More Hotels Going Hi-Tech
Innovations from iPads to QR codes enhance your hotel experience.
Next time you’re staying at a hotel and thinking of ordering a Cobb salad or extreme fajita shooters from room service, there’s a good chance you won’t have to go fumbling about in the desk for the “in-room dining” menu. Instead, you might just pick up the suite’s dedicated iPad, which you’ll also use to check your bill, call down to the front desk (via video, if you’d like), book a table for dinner at the restaurant or even change the channels on the TV.
Spurred by mobile products like tablet computers, technology is making a great migration into the upscale hotels of today. And while just about everyone is doing it in a slightly different way, one thing is certain: The era of being even partially disconnected while you’re holed up in a hotel is coming to an end.
iPad as the tool of choice
New York’s iconic Plaza is leading the charge: As of January it outfitted all of its rooms and suites with iPads loaded to the gills with apps designed for the well-heeled traveler. Everything you’d normally have to seek out via an icon on the telephone is represented here—and more: room service, reservations, concierge access, wake-up calls, maps of Manhattan and even airline schedules and boarding pass printouts. Naturally guests can also use the iPads for web browsing, email and just about anything else the iPad can do, and if the iPad happens to end up in your suitcase, well, The Plaza is happy to bill you for the tablet at cost.
Plaza general manager Shane Krige says so far the program has been a hit. “The personal touch and ability to communicate visually is truly fantastic,” says Krige. “For us the iPad is not about reducing the personal guest interactions you would expect in a five-star hotel but about improving our guest experience and service by providing more options. The iPads have been a huge success with our guests in all aspects.”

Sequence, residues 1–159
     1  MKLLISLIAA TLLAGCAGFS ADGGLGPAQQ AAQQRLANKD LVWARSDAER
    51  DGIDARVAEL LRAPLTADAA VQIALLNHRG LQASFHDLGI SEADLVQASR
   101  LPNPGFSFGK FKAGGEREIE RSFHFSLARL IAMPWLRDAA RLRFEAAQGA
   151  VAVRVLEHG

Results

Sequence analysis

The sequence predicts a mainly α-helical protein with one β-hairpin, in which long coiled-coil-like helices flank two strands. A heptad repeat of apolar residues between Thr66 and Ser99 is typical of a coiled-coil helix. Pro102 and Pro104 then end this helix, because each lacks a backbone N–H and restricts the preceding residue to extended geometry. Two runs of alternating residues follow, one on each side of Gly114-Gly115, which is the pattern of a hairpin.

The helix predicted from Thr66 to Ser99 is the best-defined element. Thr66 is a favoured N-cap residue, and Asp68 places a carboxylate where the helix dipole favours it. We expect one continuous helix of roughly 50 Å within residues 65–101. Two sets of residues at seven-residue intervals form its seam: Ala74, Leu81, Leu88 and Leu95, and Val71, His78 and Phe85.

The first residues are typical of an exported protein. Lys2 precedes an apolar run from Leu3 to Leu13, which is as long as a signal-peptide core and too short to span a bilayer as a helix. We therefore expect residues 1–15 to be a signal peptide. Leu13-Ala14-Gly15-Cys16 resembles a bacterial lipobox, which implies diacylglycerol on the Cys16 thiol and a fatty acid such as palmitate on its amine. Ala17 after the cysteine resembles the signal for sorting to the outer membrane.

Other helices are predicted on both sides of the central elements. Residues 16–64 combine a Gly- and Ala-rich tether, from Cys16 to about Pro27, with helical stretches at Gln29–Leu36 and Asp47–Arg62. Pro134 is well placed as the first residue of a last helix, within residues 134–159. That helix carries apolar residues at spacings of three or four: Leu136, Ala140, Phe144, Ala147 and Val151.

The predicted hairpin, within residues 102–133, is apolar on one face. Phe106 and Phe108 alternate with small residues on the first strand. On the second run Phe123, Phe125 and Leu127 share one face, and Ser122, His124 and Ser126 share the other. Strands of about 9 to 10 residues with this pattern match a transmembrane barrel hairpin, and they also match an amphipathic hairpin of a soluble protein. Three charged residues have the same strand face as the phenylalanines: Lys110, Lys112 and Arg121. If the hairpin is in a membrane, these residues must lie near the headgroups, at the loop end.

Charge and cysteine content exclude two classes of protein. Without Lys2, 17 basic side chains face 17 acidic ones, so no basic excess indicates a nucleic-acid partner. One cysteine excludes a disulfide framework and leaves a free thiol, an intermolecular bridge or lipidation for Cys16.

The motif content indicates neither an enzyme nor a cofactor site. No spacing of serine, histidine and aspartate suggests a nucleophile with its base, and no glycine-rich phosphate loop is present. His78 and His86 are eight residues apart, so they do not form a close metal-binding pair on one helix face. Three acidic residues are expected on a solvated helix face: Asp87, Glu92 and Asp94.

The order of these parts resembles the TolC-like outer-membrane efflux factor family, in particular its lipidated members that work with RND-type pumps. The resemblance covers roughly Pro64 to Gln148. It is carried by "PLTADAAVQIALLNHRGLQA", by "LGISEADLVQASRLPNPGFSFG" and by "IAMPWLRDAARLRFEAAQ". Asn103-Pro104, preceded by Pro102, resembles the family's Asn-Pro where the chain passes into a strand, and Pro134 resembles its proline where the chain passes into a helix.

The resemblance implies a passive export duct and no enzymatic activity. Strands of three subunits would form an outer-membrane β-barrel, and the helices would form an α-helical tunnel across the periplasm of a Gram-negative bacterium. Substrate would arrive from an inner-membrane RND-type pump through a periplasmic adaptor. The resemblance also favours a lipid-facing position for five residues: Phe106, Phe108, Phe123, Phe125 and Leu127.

QR codes for extras and online engagement
New technology isn’t just revolving around the lodging portion of a trip. Radisson Edwardian Hotels in London are now using the newfangled Quick Response code—or QR code—in their restaurant properties. The pixilated codes appear on the restaurants’ menus, and diners who scan them get extras like videos of the dish of the day, showing how the dish is prepared, a list of ingredients and more. This doesn’t just give you something to talk about at the table as you wait for the basil-crusted lemon meringue pie to come out of the kitchen, it also helps out diners who have allergies and other food restrictions in picking their way through the entrées.
Says Radisson e-commerce manager Amy Clarke, “We decided to add QR codes to our menus to give customers a ‘behind the scenes’ experience when they visit the restaurant. The codes allow us to bring the offline experience online, so that customers are more engaged and inclined to visit our website again in future. Feedback from guests has been positive as the QR code delivers a ‘nice surprise’ and a talking point for the service staff.”
Tech helps hotels get green
You’ll find sophisticated tech goodies being unwrapped in Dallas at the Grand Hyatt DFW, a luxury hotel located in Terminal D of the DFW airport in Dallas: When the renovation is complete, air-conditioning, lighting and shades will all be controlled via touch screen, and shades will automatically open upon entry and close when a guest departs, all designed to keep the blazing Texas sun from frying rooms while guests are out. Lighting—all LED or fluorescent—shuts off automatically 10 minutes after a guest leaves.
All of this sounds fine and good, but it does make one wonder if the personal touch that so many hotels rely on is being made obsolete by this new reliance on technology. Your in-room iPad may be able to get you theater tickets…but can it turn down the sheets and put a mint on the pillow?
Christopher Null has been a technology journalist for 20 years. He was the founding editor of Mobile PC magazine and has written about technology for outlets such as Yahoo!, Wired and PC World. No slouch under the hood of a PC, he assembled a computer in seven minutes when competing in the TigerDirect Charity PC Race at the 2011 Consumer Electronics Show. He can be reached at firstname.lastname@example.org.